Gamecock November 19, 2020 at 11:02 am – “Or it’s just instinct.”

    Either that is created or it is a product of evolution. If the latter it is a bit redundant. Why do male seahorses (seastallions anyone?) put in so much effort? Because it helps them pass on their genes and so evolution pushed them in that direction or because evolution pushed them towards that instinct.

  7. You do seem to be remarkably able to miss the point.

    The left does not care why women are paid less than men. Women being paid less than men is sexism – not “is evidence of underlying sexism” or “is caused by sexism”, but “is definitionally sexism”.

    You may not agree with the position that women should earn the same as men regardless of the amount or quality of their work product, but you can’t argue against a position unless you know what the position is.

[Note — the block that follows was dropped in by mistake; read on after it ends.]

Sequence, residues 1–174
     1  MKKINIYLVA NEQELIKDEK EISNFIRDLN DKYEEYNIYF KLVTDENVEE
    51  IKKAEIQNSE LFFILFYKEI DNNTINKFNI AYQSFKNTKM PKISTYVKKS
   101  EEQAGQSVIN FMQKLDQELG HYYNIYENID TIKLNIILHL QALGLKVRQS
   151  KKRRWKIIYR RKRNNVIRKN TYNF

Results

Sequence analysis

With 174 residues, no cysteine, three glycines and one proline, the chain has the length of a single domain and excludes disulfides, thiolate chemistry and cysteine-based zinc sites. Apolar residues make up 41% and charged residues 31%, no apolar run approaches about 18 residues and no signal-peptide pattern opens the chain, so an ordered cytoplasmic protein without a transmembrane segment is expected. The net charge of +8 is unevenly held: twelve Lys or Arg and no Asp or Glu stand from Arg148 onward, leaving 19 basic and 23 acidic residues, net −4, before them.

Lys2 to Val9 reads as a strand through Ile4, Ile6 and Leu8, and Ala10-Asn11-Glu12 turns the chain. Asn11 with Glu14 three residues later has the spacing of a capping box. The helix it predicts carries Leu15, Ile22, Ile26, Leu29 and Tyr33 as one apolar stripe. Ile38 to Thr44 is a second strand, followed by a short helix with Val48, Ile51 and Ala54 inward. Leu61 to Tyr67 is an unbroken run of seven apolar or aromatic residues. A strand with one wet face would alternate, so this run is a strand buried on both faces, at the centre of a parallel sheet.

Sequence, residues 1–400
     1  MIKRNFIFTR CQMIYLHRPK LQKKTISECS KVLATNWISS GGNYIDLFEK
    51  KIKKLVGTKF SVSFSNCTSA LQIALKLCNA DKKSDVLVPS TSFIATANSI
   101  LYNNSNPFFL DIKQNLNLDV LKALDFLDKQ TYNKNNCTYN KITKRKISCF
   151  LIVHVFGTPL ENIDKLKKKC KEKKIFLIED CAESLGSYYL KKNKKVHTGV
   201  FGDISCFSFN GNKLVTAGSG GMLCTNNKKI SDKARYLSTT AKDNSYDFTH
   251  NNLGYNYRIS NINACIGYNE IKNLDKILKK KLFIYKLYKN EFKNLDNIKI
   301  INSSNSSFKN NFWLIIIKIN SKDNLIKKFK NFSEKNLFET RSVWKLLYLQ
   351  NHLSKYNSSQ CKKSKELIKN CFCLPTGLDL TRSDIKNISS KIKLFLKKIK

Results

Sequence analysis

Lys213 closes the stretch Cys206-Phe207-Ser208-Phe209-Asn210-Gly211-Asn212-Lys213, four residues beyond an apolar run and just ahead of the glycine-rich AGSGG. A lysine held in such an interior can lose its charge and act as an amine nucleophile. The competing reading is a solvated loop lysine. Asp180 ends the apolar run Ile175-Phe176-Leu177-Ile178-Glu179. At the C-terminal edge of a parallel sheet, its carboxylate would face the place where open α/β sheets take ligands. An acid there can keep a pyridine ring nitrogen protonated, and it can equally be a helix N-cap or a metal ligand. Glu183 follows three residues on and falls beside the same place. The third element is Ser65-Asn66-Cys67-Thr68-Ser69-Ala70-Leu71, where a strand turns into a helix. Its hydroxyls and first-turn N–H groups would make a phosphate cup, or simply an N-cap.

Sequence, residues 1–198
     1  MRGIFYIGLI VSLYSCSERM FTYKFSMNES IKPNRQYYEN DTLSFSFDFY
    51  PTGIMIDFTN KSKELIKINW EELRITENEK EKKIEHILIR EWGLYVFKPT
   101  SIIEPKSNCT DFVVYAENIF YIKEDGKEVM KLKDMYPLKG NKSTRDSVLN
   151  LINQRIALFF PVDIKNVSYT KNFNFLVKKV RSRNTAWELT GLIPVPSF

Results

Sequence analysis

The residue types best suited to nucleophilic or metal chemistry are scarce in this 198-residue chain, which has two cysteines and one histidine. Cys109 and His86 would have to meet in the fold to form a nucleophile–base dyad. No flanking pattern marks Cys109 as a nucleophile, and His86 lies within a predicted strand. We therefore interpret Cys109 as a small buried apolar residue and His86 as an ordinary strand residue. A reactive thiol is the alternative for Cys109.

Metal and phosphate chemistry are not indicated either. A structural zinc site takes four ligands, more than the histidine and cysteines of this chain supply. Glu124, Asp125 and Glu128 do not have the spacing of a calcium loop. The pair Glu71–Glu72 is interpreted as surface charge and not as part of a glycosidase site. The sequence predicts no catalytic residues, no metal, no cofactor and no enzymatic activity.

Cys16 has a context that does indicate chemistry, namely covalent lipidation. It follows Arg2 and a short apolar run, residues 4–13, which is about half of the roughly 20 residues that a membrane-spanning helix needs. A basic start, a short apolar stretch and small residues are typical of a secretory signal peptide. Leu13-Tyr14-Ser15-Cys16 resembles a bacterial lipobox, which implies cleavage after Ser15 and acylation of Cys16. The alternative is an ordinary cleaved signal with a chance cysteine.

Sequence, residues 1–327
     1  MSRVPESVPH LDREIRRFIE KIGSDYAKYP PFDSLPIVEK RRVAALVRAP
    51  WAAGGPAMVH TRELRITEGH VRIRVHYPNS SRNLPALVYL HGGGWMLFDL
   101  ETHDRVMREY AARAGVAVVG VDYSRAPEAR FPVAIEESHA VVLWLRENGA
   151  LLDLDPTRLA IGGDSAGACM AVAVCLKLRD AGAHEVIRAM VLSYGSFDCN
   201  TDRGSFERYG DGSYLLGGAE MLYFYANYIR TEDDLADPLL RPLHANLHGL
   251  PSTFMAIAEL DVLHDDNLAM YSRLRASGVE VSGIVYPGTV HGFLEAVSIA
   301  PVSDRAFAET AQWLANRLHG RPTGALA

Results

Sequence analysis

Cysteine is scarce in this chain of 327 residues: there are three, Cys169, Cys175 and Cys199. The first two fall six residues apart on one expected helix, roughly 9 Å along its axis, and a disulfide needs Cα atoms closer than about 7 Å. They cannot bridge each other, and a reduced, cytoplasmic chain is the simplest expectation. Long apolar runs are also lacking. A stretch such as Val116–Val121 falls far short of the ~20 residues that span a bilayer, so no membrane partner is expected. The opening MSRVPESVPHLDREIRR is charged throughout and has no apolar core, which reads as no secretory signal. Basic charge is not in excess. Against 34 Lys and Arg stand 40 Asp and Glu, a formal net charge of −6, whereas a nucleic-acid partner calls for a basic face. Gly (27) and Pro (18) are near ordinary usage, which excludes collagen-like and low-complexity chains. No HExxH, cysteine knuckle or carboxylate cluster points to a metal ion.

8. If you look at the quoted scenario as Josephine fertilising Tom’s sperm with her eggs, the behaviour of the animals looks fairly similar to other viviparous livebearing fish. The fascinating question is how this extra “role reversal” layer might have come about.

  9. “Or it’s just instinct.”
    Instinct is also programming, and is also selected by evolution. Depending on the reproductive mechanics (or society!), it’s either more productive for a male to look after his own children or to go off and look for another female instead. In the example given, it’s best to look after the children, and those with that instinct do best under that system, and so that instinct is passed on.

  10. Why is that women – in humans – do most of the child care? Because they are certain, in a manner that the men aren’t, about the genetic question, obviously.

    So mandatory DNA testing at birth to confirm paternity then? Excellent idea. I wonder why we’ve not being doing it thus far? 🙂